The Southern Baptist Convention is expected to make history this week when it elects its first black president. But that anticipated news has been eclipsed in recent weeks by a feud among the faithful over differing views on God's plan of salvation.
A non-Calvinist faction of the SBC released a statement two weeks ago to "accurately reflect the beliefs of the majority of Southern Baptists, who are not Calvinists."
It invites those who agree with “A Statement of the Traditional Southern Baptist Understanding of God’s Plan of Salvation” to endorse it along with six former SBC presidents and two SBC seminary presidents.
David Hinkins, pastor of the First Baptist Church in Oxford, Miss., and a lead author of the document, told OneNewsNow that the statement is intended to blunt a growing movement of "New Calvinism" in the faith.
But it has sparked charges of heresy among some theologians over how free will plays into an individual's eternal salvation.
"John Calvin wrote ... that God has already chosen in eternity past who's going to Heaven and who's going to Hell, and that it's settled before a person's ever born. And I think that the Bible does not teach that."
"Traditional Christian doctrine, since Augustine anyway, has always been that people need a special infusion of God's grace to be able to respond to the gospel—both Calvinists and classical Arminians agree on that," said Baylor University theology professor Roger Olson. "They haven't addressed that here at all."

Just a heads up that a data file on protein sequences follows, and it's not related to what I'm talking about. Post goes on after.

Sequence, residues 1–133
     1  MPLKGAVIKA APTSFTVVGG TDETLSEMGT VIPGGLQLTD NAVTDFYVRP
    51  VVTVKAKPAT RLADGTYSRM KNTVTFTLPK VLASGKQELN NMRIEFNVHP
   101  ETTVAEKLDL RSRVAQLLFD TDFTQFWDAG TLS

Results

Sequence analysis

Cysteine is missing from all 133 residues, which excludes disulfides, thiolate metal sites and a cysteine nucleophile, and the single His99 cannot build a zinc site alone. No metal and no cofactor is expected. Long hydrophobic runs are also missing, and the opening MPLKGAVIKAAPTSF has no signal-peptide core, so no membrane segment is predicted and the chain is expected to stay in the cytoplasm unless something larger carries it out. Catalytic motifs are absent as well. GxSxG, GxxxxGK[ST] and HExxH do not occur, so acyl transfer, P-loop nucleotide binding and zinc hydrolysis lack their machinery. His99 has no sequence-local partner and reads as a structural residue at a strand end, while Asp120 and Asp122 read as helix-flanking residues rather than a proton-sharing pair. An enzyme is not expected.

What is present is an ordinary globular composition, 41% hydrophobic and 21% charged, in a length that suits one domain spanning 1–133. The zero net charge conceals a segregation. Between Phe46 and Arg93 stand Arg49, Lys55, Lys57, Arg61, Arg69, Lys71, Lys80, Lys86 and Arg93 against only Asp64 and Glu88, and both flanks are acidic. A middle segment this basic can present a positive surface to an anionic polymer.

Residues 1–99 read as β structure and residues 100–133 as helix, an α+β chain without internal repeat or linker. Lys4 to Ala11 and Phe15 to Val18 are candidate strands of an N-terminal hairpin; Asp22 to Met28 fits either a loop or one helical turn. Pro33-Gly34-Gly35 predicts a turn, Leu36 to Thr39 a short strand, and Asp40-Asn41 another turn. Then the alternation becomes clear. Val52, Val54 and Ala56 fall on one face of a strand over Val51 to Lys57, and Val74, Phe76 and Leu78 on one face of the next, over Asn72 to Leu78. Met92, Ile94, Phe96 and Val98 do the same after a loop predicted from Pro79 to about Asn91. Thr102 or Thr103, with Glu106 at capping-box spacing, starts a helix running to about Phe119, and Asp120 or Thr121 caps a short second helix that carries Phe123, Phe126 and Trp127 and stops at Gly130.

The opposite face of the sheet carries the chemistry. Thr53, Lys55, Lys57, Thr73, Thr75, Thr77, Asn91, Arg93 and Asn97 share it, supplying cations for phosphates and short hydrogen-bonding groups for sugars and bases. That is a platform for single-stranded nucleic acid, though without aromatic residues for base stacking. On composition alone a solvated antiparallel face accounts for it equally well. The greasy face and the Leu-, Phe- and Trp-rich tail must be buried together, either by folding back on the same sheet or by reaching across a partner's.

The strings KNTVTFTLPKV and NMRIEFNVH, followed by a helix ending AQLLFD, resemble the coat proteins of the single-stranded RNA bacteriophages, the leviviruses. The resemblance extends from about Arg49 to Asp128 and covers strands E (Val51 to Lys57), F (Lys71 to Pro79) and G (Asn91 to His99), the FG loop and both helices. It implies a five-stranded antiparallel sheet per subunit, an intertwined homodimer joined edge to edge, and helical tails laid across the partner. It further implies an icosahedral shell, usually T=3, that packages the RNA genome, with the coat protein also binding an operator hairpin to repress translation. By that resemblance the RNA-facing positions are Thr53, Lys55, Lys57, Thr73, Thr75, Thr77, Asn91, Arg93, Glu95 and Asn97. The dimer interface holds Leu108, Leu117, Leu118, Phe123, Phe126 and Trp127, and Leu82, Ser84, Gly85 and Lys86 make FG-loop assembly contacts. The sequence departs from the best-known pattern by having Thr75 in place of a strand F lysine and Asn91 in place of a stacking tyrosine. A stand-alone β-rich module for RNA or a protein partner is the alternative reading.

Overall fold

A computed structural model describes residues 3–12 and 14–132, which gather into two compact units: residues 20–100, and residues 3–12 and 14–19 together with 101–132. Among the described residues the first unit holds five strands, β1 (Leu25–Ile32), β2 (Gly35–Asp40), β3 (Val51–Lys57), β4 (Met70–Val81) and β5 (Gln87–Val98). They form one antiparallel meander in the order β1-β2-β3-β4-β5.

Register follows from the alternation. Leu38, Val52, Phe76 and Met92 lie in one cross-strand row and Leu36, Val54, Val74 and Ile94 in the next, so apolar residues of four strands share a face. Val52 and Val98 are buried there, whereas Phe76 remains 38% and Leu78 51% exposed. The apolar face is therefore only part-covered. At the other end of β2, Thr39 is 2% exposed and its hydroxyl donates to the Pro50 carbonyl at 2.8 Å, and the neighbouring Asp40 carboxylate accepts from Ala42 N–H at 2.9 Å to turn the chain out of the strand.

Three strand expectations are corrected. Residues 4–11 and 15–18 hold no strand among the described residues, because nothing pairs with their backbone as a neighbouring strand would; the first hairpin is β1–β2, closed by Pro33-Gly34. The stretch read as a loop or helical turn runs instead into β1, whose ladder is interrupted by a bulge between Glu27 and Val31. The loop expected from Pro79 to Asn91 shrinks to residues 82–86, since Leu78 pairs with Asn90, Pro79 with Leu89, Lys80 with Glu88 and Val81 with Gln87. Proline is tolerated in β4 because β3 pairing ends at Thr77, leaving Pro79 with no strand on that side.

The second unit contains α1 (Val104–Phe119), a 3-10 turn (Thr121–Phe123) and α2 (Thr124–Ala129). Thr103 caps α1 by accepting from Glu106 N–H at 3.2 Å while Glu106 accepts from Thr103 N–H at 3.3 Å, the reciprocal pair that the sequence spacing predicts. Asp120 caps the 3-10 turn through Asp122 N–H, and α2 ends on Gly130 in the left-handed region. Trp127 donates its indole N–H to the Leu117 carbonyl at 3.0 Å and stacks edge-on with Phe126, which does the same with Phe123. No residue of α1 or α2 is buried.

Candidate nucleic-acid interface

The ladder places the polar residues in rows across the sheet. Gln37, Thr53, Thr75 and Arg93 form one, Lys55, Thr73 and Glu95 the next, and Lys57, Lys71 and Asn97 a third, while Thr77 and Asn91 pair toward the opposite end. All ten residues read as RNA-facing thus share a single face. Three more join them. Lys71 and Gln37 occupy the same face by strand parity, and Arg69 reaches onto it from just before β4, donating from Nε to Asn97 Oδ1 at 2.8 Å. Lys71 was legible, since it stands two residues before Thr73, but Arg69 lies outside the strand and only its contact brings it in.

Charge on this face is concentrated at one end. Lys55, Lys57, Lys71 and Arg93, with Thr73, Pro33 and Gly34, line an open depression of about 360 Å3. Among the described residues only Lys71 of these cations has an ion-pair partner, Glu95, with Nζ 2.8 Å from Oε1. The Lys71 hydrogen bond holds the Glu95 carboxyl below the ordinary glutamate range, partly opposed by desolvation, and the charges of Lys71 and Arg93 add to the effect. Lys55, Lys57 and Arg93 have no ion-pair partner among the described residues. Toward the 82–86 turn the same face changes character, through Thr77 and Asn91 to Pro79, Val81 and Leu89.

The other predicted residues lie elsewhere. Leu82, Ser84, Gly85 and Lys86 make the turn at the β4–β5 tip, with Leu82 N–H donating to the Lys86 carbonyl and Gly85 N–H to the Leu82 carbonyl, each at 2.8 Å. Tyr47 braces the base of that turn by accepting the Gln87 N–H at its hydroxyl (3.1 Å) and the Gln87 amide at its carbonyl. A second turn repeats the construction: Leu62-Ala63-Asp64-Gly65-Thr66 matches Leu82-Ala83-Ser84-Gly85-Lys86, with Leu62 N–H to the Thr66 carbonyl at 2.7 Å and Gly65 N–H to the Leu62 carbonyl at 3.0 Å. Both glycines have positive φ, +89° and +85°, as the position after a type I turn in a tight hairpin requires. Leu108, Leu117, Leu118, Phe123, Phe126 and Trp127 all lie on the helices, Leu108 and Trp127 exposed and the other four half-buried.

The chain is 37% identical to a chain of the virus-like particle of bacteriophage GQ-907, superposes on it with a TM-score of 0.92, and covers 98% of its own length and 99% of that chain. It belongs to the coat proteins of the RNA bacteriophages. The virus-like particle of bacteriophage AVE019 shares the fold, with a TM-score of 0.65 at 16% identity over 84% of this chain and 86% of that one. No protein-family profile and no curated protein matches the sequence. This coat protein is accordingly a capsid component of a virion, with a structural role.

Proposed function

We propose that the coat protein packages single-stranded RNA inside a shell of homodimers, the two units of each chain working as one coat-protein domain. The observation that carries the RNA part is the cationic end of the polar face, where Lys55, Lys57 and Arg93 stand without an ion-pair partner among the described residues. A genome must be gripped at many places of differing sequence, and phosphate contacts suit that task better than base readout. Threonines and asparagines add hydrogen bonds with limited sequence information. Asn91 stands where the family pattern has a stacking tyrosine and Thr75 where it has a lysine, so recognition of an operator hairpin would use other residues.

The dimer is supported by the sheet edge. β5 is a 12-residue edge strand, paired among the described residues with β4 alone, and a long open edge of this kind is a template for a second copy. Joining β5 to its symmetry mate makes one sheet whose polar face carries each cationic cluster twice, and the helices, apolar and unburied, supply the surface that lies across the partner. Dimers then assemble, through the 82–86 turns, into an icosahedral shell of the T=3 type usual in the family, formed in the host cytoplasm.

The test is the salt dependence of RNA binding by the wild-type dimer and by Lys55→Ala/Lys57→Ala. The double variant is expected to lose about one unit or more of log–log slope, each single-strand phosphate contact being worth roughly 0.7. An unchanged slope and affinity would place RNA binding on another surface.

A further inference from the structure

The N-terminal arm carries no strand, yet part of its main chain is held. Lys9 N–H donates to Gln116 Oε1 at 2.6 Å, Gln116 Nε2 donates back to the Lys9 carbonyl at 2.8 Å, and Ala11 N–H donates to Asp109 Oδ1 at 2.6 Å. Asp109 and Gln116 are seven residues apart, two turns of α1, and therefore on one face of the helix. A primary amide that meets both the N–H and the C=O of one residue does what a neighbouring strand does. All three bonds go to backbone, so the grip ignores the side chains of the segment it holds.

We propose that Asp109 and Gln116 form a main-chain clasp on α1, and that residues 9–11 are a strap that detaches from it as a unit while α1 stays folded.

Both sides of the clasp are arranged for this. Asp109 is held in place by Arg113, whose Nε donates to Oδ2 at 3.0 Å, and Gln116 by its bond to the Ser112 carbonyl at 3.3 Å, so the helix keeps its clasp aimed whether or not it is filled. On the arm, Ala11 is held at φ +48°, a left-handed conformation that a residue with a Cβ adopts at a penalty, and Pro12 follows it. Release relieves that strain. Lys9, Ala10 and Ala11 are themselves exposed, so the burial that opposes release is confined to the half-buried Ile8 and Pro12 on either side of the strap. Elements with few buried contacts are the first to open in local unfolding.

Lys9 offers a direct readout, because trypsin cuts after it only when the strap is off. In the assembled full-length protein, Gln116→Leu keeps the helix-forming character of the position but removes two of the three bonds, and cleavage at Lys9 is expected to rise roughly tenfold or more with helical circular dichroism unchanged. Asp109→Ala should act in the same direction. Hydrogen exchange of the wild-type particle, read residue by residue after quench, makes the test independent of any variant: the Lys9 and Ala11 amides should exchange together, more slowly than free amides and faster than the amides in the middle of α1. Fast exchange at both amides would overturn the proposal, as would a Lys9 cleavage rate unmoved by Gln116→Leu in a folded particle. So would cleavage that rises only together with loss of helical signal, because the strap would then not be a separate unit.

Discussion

Calvinists and and non-Calvinists have had a long history of disagreement and accommodation in the SBC.
But some say this recent statement over salvation is divisive and confrontational.
The discussion of salvation isn't planned for the annual meeting, Christianity Today reported, but one theologian said "the meeting's democratic nature makes it ripe for an unpredictable agenda."
Meanwhile, what will make national headlines will be the anticipated election of the Rev. Fred Luther Jr., who is poised to become the first black president of the nation's largest Protestant denomination.
"It's a big step for a denomination that was formed out of a pre-Civil War split with northern Baptists over slavery and for much of the last century had a reputation for supporting segregation," The Associated Press reported.
Luther would take over at a time the faith is looking for ways to reverse a trend of declining membership.